Apply a balanced fertilizer when the plant is actively growing.
Cut back plants as needed. Plants should be allowed to dry out between waterings.
Do not use any fertilizers or pesticides near water sources.
Pests and Diseases:
There are no known insect or disease problems.
Seedlings are slow to germinate, and it takes 6-8 weeks to produce roots.
Transplant seedlings into the garden when the soil is warm, and all danger of frost has passed.
Plant in well-drained soil. Grow in full sun to partial shade. Water sparingly during hot weather. Prune after bloom.
Propagate by division.
To stimulate bushy growth, pinch out the ends of the stems.
Repot in spring or fall. This variety does not like to be transplanted.
The foliage of Curio citriformis is soft, wiry, and evergreen.
This variety is known for its late-season bloom. The flower stalks are about 1/2″ long and have a creamy yellow color.
Bloom Season: Spring
Curio rowleyanus, known as String of Pearls or String of Beads
The curio rowleyanus is a member of the sunflower family (Asteraceae) and is native to the arid regions of southwestern Africa, including Namibia, Angola, Botswana, Zambia, Zimbabwe, and South Africa.
It is a drought-tolerant, low-growing succulent that grows to between 20-50 cm tall. It can be distinguished by the long, narrow, pea-shaped leaves, which are also very hairy, and are about 4-7 cm long.
The flowers are very small and white or nearly white and occur in a dense, brush-like cluster at the tip of the stem. They bloom from May to August.
The curio rowleyanus is a very easy-to-grow plant that should be planted in full sun and given lots of water, which will keep it happy and healthy.
The curio rowleyanus is propagated by seeds, which should be collected in the autumn, dried, and stored in an airtight container.
Curio radicans, known as String of Fishhooks or String of Banana.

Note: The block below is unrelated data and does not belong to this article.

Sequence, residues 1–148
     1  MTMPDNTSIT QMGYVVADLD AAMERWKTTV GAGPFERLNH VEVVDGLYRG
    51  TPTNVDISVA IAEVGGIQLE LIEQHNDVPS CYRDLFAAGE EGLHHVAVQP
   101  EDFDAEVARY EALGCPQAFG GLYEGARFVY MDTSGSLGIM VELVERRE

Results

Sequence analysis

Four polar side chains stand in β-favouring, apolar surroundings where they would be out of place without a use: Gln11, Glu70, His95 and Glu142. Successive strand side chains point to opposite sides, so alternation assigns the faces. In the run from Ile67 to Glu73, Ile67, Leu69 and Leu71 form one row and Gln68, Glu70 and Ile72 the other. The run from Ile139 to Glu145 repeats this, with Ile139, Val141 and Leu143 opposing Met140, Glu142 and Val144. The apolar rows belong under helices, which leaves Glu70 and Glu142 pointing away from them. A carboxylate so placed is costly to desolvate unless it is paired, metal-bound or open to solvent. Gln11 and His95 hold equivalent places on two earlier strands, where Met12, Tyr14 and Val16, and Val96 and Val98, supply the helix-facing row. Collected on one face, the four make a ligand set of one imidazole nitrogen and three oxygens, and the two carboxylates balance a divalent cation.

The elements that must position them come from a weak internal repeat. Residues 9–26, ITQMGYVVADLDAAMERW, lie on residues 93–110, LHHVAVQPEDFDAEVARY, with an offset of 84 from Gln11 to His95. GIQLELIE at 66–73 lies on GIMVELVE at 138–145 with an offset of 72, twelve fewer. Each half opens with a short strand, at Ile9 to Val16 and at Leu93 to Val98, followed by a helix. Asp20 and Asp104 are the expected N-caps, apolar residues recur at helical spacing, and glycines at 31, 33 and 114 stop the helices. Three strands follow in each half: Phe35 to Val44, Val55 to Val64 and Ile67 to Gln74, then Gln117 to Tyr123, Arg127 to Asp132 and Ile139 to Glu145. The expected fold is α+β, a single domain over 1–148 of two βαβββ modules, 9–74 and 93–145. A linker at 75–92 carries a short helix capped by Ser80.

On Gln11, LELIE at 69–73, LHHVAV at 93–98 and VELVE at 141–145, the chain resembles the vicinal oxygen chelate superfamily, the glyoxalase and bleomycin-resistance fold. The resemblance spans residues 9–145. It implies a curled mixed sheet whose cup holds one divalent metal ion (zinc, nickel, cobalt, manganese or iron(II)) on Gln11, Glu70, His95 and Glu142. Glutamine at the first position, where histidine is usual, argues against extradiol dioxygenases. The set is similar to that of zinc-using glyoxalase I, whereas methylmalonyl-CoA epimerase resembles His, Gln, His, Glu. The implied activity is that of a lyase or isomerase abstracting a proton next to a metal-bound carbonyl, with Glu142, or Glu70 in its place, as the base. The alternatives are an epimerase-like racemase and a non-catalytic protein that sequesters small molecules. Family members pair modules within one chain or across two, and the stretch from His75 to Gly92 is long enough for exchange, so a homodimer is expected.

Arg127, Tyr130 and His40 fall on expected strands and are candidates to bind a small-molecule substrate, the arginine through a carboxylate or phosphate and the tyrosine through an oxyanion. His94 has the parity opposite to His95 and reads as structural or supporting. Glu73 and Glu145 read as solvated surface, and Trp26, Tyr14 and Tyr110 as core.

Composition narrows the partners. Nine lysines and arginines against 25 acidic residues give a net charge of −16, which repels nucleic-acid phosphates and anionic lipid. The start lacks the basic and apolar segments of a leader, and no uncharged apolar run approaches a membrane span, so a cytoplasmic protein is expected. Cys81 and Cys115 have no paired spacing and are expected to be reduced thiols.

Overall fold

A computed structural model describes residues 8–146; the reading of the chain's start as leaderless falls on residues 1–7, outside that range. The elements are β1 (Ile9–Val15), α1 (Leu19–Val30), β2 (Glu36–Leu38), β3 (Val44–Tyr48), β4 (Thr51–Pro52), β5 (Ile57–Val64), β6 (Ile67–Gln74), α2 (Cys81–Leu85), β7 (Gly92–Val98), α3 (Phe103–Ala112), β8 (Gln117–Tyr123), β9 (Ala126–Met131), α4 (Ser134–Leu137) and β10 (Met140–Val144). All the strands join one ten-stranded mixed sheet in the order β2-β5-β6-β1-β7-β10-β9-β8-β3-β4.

Curio radicans, formerly Senecio radicans, is a fast-growing succulent with numerous glossy, banana-shaped foliage tendrils. It is indigenous to South Africa. Flowers are small, white, and cinnamon-scented and bloom in late winter or early spring. It is relatively hardy and simple to grow, making it an excellent choice for beginning gardeners.
Senecio radicans is not as common as other Senecios, but it is easy to propagate from seed. The flowers of Curio radicans. It prefers full sun and well-drained soil.
Common as a wildflower in the Kalahari desert of southern Africa, this plant was first cultivated in Europe by 17th-century herbalists. Curio radicans is one of the most drought-tolerant, heat tolerant, and frost tolerant plants you can grow.
The name “curio” comes from the Latin word for curiosity, which is why this plant has been given the botanical name Senecio radicans. The Latin name means “turning back,” so this is a plant that will turn itself around when it is in danger of dying out.
There is a fresh, fruity aroma with a hint of citrus and a sweet, spicy, cinnamony smell.
This is an attractive, low-growing, white, pink, or lavender flower that is borne in dense clusters on the upper side of its stems. The flowers have a very strong scent that is described as fruity, sweet, and spicy.
Curio radicans leaves are shaped like a banana. They are about 1/4 inch long and are covered with a fine down of soft hairs that help to keep them cool.
Propagate by cuttings, division, or seeds.
Curio herreanus, known as String of Watermelons or String of Beads
Curio herreanus is a stunning trailing succulent native to Namibia and South Africa. It was previously known as Senecio herreanus or Senecio herreianus.